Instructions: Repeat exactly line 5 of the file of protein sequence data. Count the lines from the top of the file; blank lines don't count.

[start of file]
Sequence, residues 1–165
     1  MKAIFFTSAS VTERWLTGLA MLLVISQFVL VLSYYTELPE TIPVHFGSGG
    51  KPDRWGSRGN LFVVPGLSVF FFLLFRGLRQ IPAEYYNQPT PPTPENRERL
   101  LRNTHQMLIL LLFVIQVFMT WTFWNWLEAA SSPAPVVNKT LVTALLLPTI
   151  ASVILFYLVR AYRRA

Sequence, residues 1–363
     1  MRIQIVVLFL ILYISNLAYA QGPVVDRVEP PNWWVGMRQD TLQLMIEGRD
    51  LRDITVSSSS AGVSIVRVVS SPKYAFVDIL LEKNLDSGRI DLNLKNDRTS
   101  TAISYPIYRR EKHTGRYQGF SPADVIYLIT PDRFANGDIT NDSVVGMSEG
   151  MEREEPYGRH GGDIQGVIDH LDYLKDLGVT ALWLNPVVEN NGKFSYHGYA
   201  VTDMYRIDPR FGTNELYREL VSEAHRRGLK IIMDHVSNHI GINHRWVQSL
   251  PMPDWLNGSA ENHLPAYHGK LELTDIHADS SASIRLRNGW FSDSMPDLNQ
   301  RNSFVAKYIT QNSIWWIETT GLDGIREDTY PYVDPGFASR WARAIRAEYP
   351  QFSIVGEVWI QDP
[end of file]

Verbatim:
   151  ASVILFYLVR AYRRA